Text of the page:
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Article Abstract

Online ISSN: 1099-176X    Print ISSN: 1091-4358
The Journal of Mental Health Policy and Economics
Volume 24, Issue 2, 2021. Pages: 47-59
Published Online: 1 June 2021

Copyright © 2021 ICMPE.


 

Characteristics and Healthcare Burden of Patients with Schizophrenia Treated in a US Integrated Healthcare System

Rohan Mahabaleshwarkar,1* Dee Lin,2 Kruti Joshi,3 Jesse Fishman,4 Todd Blair,5 Timothy Hetherington,5 Pooja Palmer,5 Charmi Patel,6 Constance Krull,7 Oleg V. Tcheremissine8

1Ph.D., Center for Outcomes Research and Evaluation, Atrium Health, Charlotte, NC, USA
2PharmD, M.S., Janssen Scientific Affairs, LLC, Titusville, NJ, USA
3MPH, Janssen Scientific Affairs, LLC, Titusville, NJ, USA
4PharmD, MSc, Janssen Scientific Affairs, LLC, Titusville, NJ, USA
5MS, Center for Outcomes Research and Evaluation, Atrium Health, Charlotte, NC, USA
6MPH, RN, Janssen Scientific Affairs, LLC, Titusville, NJ, USA
7MSPH, Center for Outcomes Research and Evaluation, Atrium Health, Charlotte, NC, USA
8MD, Behavioral Health Charlotte, Atrium Health, Charlotte, NC, USA

* Correspondence to: Rohan Mahabaleshwarkar, 1540 Garden Terrace Suite 410, Charlotte NC, 28203, USA.
Tel.: +1-704-355 9958
Fax: +1-704-355 6077
E-mail: Rohan.Mahabaleshwarkar@atriumhealth.org 

Source of Funding: This research was funded by Janssen Scientific Affairs, LLC.

Disclosures: DL, JF, KJ, and CP are employees of Janssen Scientific Affairs, LLC and stockholders of Johnson & Johnson, Inc. OVT reports direct research support from Roche, Eli Lilly, and Janssen. RM, TB, TH, PP, and CK have no conflicts of interest to report.

Abstract
This retrospective electronic medical record-based study examined healthcare utilization in adults with schizophrenia in a US integrated healthcare system. Patients with 2 diagnostic codes for schizophrenia within 12 months during January 2009 to June 2018 were included. Patients were followed until no longer receiving active care (two annual visits) or study ended. Among 2,941 patients (mean age, 48.3 years, 54.5% male, 51.8% black), during follow-up, 48.7% had an inpatient visit and 68.4% had an emergency room (ER) visit, while 53.3% with a schizophrenia-related inpatient visit did not have a 30-day outpatient follow-up visit. Findings differed by race/ethnicity, age, and sex with non-Hispanic black patients and patients aged 18-35 years (vs. 36-64 years) more likely to have an inpatient and ER visit and women less likely to receive antipsychotics. The findings indicate a need for strategies for improving efficiency and quality of care, and for optimizing healthcare across demographic subgroups.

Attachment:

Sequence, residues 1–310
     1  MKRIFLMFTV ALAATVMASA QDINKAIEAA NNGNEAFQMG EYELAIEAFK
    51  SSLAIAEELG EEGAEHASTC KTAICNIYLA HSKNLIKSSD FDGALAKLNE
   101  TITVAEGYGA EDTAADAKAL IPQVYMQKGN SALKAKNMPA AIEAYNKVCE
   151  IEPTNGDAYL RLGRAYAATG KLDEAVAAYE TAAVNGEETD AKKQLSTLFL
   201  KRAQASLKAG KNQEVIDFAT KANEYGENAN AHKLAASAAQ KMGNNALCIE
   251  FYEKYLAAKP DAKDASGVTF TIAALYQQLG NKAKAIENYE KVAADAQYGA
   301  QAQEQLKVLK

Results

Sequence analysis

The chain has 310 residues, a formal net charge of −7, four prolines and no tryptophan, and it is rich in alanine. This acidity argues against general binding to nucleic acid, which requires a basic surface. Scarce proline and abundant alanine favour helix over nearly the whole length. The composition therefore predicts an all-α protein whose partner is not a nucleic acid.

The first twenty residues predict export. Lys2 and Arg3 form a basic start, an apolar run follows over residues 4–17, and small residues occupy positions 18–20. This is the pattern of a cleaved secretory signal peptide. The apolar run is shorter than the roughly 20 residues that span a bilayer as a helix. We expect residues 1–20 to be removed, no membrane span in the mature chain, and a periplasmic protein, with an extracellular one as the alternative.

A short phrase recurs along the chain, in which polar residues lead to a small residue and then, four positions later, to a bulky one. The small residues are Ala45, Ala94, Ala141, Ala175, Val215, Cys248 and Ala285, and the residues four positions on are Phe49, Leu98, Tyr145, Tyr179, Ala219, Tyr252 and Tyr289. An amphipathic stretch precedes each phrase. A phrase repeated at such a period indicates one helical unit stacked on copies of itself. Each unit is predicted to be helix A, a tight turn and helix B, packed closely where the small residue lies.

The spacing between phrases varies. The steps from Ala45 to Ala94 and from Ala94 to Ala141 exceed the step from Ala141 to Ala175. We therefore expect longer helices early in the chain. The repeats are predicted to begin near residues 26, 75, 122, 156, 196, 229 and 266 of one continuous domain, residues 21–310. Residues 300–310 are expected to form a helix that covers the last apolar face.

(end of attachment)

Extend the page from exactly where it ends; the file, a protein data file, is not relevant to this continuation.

Background: Schizophrenia is one of 15 major causes of disability worldwide and is responsible for more than $150 billion in annual healthcare costs in the United States. Although the burden of schizophrenia as measured by healthcare resource utilization (HRU) is known to be considerable, data generally come from claims databases or healthcare systems/payors representing only a subset of patients, such as Medicare/Medicaid recipients. A broader understanding of HRU across the schizophrenia patient population would help identify underserved groups and inform strategies for improving healthcare delivery.